Judge Orders Sex Harassment Plaintiffs to Hand Over Facebook Passwords

Women suing their employer for sexual harassment will have to submit their Facebook passwords to the court, a federal judge has ruled. mobiletechnology.jpg

Fullerton Sexual Harassment Lawyer Houman Fakhimi understands that the nearly two dozen women who filed, in conjunction with the Equal Employment Opportunity Commission, have been ordered to hand over their passwords so that an appointed forensic expert can comb through their files to see what they may have posted about the case.

These are women who are alleged to have suffered repeated offensive and unwanted sexual comments, physical touching and innuendos at the hands of their regional manager in Colorado. They had told him repeatedly to stop. When these women complained, they were either subsequently disciplined or fired.

For them to now be violated in this way is abhorrent and is an affront to their privacy.

The Georgia-based company, The Original HoneyBaked Ham Co., alleges that the women traded musings about the legal action and commented on their financial expectation of the outcome of the case. They also reportedly discussed it in cell phone text messages, which the company’s attorneys are fighting to have released.

As a number of privacy advocates have noted, this is a terrible ruling for the simple fact that it will result in the dissemination of all sorts of personal information by those who have already been victimized.

Among the reasons why the judge granted the defendant’s request included that:

–She posted a photo of herself wearing a shirt emblazoned with the term she had stated in her lawsuit that she was called by the manager and which she deemed offensive;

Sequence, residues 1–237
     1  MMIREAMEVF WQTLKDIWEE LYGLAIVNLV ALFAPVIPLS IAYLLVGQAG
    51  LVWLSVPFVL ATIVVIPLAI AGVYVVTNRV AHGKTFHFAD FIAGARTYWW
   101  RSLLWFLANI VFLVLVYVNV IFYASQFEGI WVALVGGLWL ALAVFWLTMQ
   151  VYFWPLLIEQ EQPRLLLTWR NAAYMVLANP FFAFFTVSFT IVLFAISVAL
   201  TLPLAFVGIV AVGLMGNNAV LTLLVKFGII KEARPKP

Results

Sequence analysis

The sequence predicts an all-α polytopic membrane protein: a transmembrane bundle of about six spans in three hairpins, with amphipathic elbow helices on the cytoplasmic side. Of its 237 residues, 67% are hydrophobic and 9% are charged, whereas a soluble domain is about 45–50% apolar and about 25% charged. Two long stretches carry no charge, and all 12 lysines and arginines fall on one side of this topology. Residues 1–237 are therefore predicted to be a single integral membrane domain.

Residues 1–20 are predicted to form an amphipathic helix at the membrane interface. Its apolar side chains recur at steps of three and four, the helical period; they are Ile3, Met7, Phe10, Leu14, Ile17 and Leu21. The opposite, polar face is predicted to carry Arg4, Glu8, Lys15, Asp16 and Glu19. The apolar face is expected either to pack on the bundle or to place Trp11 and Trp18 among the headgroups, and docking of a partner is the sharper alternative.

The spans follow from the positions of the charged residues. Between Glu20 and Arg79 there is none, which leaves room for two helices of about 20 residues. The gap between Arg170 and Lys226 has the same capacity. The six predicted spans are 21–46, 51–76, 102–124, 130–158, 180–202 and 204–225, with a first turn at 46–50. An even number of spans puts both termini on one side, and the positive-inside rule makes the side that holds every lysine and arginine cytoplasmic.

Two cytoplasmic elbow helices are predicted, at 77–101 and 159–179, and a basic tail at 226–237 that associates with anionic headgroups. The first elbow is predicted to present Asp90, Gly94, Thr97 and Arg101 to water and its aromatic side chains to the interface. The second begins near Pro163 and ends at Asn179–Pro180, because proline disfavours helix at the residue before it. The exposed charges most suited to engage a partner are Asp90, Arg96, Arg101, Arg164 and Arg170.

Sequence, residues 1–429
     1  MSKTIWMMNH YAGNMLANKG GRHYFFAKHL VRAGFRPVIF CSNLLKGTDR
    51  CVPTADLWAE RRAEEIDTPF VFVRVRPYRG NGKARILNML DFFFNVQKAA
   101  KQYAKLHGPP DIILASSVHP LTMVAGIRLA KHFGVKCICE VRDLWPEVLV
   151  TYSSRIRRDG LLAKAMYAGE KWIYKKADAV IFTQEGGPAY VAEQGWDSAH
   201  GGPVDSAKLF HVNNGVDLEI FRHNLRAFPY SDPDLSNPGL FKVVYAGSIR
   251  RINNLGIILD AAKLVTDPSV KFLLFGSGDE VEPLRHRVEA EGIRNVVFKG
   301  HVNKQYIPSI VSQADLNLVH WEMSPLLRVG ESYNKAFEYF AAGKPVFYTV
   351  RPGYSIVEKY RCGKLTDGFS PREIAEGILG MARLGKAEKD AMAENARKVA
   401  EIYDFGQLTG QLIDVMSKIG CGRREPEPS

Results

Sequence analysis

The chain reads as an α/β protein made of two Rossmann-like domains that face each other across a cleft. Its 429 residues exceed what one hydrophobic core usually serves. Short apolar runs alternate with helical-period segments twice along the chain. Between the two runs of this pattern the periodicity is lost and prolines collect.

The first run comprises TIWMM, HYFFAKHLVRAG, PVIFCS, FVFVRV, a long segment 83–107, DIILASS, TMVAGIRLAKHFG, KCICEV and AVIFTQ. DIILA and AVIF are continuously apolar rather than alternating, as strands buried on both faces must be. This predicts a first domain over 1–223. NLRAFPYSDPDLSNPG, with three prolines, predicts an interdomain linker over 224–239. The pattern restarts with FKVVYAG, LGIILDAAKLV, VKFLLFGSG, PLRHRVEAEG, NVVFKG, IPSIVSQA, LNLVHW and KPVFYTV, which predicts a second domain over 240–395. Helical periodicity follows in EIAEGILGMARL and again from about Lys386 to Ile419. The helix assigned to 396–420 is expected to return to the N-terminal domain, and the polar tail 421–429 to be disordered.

–She writes about her positive outlook on her post-termination life, despite evidence to the contrary in her lawsuit;

–She reportedly had self-described her sexual aggressiveness in a number of postings;

–She reportedly commented on her wall about interactions she engaged in with defendant, as well as “sexually amorous communications” with others who had filed suit;

–She reportedly posted information about her post-termination income opportunities and employment.

The judge ruled that each of these elements may hold some relevance for the defendants in the case.

However, a strong argument should be made on why these are not relevant, as the line of reasoning gets into an awful lot of “blaming the victim.” For example, just because a former employee expresses sexual interest in others does not mean that the comments made by her supervisor were welcome or acceptable or that she should have to endure such remarks as a condition of being employed.

In addition to their Facebook passwords, the judge has ruled that the claimants will all have to turn over records of their cell phone text messages.

The information won’t be immediately sent to the attorneys for the defendant, however. It will be reviewed by the independent forensic analyst, who will then report back to the judge.

The district court judge himself noted that the whole realm of social media is thorny, and something with which the courts are only beginning to come to terms with. However, he noted that, essentially, if the women did not want them to become part of the lawsuit, they should not have posted them.

Now, surely, these women did not intend for this information to be heard by the court. In sending private text messages and in communicating information to “friends” on their Facebook wall, they did not intend to make such comments the topic of discussion in court.

It’s unclear how these messages will affect this case. What our Fullerton sexual harassment lawyers would hope others would take from this is that those who are involved in civil litigation should cease online communications about the topic until the case has concluded. If damaging communication does exist somewhere in cyberspace, you must disclose it to your attorney immediately.

If you are struggling with sexual harassment in Orange County, contact the Employment Law Team for a confidential consultation to discuss your rights. Call (877) 529-4545. Serving Ontario, Riverside and the entire Los Angeles area.

Additional Resources:
Judge to sex harassment plaintiffs: Turn over Facebook passwords, Nov. 21, By Suzanne Choney, NBC News
More Blog Entries:
Sex Harassment Suit Filed Against California Electric Firm, Oct. 22, 2012, Fullerton Sexual Harassment Attorney Blog